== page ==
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  1. Open Recursive Nameservers
    1. Definition
    2. ORNS hazards
      1. DDoS participation
      2. Cache poisoning
      3. Resource hijacking
    3. Fixing the problem
    4. References

Open Recursive Nameservers

This article explains some of the problems associated with open recursive nameservers and why they are not permitted on BitFolk's network.


Recursion is when your nameserver takes a query and then finds out the answer itself. A non-recursive server simply passes back a pointer to the authoritative nameserver that the client should query. An open recursive nameserver (ORNS) is misconfigured such that it provides recursion to a much wider audience than is strictly necessary, commonly to the entire Internet.

ORNS hazards

DDoS participation

DNS resolvers which offer recursion to the whole Internet are commonly used in DDoS attacks. An attacker creates a very large DNS record in a zone they control and sets it to have a very long TTL. They then send a query for this record to a list of ORNSs, with the source address spoofed to be that of the victim. Each of the ORNSs fetches the large record data and sends it to the supposed source of the query, flooding it with large answers to DNS queries it did not originate.

This is not a theoretical attack; VPS customers have in the past had their open recursive nameservers participate in DDoS attacks and have had to have filters applied to 53/UDP until they could disable recursion.

This danger to the rest of the Internet is the primary reason that ORNSs must be secured.

Cache poisoning

DNS cache poisoning refers to the malicious insertion of false data into a nameserver's cache. Many forms of cache poisoning attack are made easier when directed at an ORNS.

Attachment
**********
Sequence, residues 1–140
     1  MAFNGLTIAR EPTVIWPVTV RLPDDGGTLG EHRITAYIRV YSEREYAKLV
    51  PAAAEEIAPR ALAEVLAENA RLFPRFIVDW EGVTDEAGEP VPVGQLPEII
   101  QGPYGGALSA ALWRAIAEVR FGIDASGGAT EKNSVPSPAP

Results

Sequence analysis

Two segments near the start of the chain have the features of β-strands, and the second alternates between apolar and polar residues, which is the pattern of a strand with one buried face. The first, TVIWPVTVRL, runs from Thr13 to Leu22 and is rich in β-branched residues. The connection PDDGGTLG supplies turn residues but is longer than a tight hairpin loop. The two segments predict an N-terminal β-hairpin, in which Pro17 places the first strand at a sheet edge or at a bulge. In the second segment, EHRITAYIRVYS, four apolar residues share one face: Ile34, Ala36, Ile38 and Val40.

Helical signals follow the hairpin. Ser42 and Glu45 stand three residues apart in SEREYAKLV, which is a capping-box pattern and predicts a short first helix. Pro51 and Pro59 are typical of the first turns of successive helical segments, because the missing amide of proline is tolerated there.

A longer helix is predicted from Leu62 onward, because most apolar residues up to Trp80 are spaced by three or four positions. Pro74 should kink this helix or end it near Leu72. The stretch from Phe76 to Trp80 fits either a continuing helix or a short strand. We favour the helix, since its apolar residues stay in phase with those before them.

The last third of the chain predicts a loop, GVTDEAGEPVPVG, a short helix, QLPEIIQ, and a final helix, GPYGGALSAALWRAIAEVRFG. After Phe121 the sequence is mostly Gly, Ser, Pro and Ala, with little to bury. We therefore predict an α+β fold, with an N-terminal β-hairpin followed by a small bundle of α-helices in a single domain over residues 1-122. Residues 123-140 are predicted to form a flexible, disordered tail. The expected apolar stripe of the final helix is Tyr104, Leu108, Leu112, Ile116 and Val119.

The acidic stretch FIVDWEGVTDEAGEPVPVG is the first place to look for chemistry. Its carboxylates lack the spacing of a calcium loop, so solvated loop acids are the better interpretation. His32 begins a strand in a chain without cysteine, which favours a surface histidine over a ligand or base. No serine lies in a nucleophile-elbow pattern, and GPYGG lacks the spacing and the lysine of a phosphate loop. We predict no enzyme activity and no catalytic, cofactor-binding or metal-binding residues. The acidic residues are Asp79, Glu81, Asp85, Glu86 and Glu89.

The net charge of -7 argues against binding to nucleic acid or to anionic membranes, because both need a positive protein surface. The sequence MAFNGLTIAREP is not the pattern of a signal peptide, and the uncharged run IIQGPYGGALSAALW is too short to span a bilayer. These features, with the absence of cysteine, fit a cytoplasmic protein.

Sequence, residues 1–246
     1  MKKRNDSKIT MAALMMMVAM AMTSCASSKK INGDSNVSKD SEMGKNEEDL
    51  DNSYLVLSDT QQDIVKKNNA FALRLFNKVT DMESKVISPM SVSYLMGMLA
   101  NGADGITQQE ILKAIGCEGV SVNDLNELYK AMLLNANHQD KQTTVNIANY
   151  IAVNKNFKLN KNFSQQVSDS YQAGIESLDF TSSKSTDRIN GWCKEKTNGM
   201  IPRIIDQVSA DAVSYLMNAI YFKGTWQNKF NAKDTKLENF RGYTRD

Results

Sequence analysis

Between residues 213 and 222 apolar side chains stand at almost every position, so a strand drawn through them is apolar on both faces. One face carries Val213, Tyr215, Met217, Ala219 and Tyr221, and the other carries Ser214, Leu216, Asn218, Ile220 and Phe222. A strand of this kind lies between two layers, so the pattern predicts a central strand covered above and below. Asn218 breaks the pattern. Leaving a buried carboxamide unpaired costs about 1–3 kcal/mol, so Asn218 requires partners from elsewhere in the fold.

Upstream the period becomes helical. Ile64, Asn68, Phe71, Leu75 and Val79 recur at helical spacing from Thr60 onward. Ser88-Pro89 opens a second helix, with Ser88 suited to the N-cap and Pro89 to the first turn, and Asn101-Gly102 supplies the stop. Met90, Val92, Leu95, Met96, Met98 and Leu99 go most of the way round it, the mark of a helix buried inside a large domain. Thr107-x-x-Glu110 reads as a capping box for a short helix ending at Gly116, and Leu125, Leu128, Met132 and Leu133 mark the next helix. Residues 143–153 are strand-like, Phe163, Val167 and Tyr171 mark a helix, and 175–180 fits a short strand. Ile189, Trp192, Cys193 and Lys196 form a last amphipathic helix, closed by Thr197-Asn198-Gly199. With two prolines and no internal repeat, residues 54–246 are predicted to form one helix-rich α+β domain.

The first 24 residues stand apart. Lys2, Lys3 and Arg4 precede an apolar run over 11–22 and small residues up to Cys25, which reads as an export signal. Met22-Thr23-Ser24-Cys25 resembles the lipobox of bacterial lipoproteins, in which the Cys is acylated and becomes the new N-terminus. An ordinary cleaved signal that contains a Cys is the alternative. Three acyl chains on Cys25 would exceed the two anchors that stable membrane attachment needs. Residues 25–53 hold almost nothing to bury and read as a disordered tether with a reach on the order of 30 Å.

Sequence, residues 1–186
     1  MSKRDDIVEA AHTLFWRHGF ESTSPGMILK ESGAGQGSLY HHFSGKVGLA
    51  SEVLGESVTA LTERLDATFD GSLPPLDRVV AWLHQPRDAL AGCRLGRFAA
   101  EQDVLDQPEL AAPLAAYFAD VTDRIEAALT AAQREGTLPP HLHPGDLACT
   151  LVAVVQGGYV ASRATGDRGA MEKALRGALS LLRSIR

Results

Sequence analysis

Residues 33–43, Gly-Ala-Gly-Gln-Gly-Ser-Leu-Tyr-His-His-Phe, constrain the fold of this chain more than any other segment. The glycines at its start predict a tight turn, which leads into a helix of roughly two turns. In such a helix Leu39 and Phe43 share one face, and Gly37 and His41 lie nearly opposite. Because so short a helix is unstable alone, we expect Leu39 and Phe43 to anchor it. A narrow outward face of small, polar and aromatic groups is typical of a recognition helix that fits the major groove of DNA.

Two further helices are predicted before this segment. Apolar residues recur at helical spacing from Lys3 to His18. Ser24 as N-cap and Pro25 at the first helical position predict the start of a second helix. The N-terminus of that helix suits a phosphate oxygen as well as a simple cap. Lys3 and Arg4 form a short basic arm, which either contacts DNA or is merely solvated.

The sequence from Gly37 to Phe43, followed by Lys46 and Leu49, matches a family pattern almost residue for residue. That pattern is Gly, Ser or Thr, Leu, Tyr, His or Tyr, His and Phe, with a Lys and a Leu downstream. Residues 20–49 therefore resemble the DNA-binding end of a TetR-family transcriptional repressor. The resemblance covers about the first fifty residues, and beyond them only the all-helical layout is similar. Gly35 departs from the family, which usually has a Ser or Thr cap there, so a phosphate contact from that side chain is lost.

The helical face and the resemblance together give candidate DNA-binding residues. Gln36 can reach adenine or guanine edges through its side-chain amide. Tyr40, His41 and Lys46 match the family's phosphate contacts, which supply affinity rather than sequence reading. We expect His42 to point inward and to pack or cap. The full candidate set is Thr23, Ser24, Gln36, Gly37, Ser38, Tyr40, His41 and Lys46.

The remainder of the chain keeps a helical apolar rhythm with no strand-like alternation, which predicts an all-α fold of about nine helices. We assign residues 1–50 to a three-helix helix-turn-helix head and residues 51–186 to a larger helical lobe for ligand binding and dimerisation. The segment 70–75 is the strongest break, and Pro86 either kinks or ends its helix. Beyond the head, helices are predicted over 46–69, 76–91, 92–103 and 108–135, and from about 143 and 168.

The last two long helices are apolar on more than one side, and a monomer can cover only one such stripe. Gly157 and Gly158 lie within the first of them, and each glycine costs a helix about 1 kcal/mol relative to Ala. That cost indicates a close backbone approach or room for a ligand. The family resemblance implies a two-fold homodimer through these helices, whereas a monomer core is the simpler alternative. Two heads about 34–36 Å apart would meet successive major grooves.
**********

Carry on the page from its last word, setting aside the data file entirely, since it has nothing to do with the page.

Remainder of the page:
Resource hijacking

Nameservers known to offer recursion to anyone have also found themselves hardcoded into worms and other malware as a known-good source of DNS service. The subsequent rapid spread of the worm can lead to vastly increased traffic volume which does not go away when recursion is disabled. Even if the use is not malicious, you probably have no desire to allow everyone on the Internet to use your nameserver.

Fixing the problem

To fix this issue it is best to disable recursion. If your nameserver is an authoritative server for your domains then it should not offer recursion at all. If your nameserver is a caching resolver for your own use then recursion should be restricted to questions from your own IPs only. Also consider firewalling off your resolver to only allow access from IPs that should have it.

It is not recommended to use a single nameserver as both a caching resolver and an authoritative server.


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